Building Relatable Bonds Through Nonlinear Connections
Almost all films or videos dealing with global health issues focus very linearly on the disease. Even if it is those affected by disease speaking out on their illness, there remains a barrier to creating a meaningful connection. This approach simply repackages information and presents it in a slightly different manner. This is a common pitfall in using visual media to spark motivation – it can bore civil society and is not telling researchers anything they do not already know. Saturated with today’s media, people do not have to think for themselves, or draw their own conclusions. They are simply “told” about the issue. Ultimately, a linear approach creates a weak bond between the viewer and the global health issue at hand. They don’t feel it.
Knowing something is different than feeling something.
When people draw their own conclusions, the bond grows stronger. When people can relate to the individual, the bond becomes meaningful. We create films that step away from the discussion of disease, sometimes entirely, to explore the impact of the issue in the broader context of an individual’s life. We peel away the cover of the disease and explore common threads of humanity that all individuals experience. A husband fibbing about liking his wife’s cooking, a father getting onto his son for listening to music to loud, the anticipation of a wedding – and the daughter that follows – these are universal bonds that we all share. By emphasizing such relatable aspects of life, in a nonlinear fashion we are free to demonstrate how these bonds can become affected by the course of disease. Drawing their own conclusions, viewers become galvanized to act. It becomes visceral – an emotion. Once we turn an epidemic into an emotion, we motivate change.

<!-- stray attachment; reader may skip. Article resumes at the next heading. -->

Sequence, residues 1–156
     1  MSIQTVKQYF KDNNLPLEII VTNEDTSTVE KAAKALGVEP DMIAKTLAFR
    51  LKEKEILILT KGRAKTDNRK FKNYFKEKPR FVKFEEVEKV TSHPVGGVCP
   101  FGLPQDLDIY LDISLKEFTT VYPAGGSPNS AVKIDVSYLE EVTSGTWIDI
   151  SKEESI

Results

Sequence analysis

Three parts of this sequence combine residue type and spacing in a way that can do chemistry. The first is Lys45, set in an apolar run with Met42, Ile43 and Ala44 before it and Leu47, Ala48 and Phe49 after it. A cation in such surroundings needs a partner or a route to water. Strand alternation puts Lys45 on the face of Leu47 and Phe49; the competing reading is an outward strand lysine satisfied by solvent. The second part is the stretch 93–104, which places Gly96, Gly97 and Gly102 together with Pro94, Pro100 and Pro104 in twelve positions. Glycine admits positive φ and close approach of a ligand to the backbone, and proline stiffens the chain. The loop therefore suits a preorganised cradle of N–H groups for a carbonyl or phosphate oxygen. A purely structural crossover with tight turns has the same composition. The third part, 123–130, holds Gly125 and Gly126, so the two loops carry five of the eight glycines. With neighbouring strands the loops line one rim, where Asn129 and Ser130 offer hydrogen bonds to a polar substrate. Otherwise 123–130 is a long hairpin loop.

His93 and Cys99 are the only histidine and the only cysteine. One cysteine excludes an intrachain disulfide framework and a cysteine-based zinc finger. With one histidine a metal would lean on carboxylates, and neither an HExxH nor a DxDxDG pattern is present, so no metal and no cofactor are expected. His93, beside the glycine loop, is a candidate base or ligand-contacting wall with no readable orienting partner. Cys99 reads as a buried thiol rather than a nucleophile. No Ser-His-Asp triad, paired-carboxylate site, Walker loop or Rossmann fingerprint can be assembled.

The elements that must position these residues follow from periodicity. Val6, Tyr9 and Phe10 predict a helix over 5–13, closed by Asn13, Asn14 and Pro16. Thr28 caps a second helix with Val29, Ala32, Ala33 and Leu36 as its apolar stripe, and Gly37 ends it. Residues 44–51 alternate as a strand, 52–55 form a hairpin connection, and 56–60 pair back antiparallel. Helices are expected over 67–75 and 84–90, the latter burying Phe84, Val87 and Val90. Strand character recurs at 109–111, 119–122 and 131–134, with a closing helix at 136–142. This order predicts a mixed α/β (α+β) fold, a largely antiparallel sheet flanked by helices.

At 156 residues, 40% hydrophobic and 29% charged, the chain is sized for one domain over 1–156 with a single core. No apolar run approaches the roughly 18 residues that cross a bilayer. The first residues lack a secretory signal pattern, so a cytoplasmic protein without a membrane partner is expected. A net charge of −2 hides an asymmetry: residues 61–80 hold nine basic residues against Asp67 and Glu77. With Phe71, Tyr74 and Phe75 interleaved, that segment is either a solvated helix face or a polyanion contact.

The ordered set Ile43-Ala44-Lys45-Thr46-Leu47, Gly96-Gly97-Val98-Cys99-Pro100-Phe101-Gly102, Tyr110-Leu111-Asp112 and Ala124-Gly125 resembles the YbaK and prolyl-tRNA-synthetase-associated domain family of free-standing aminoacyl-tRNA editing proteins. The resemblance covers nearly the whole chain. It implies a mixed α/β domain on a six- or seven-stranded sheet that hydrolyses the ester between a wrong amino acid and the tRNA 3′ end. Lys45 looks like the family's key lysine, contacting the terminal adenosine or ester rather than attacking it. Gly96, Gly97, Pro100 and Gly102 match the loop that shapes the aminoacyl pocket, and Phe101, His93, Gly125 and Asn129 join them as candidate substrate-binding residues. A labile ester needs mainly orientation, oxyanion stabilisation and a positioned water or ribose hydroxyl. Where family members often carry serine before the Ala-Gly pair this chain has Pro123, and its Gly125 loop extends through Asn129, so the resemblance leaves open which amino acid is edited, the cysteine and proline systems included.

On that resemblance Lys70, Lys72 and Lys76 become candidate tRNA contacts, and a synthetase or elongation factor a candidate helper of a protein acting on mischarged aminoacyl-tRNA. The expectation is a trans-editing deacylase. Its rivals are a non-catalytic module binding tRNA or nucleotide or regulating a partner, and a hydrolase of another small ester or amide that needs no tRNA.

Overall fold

Our goal is accomplish this with positive messaging. People know that diseases cause morbidity and mortality – it is all to easy to focus on despair. Our web browsers and television stations are saturated with negative messaging. Negative messaging often seeks to polarize issues, which is often counter productive. Our grandest challenge is to turn this human suffering into a positive catharsis – conveying a message of hope and providing a way forward.
Targeting Key Audiences
Visual Epidemiology uses a project-based format to approach a variety of global health issues. For each project, Visual Epidemiology has defined three key audiences: researchers, decision-makers, and civil society.
For each of our projects, the end product is not simply a film. We use visual media in a highly strategic, diverse manner to promote continued academic research, enact appropriate policy changes, and motivate civil society on the project’s issue.
There is no doubt that these three components are always occurring in global health, but rarely are they truly threaded together on a unified front. Using a diverse set of tactics – all targeted to a single ‘project’ – Visual Epidemiology provides a center point for mobilization on the issue.
Mixed-method Project Funding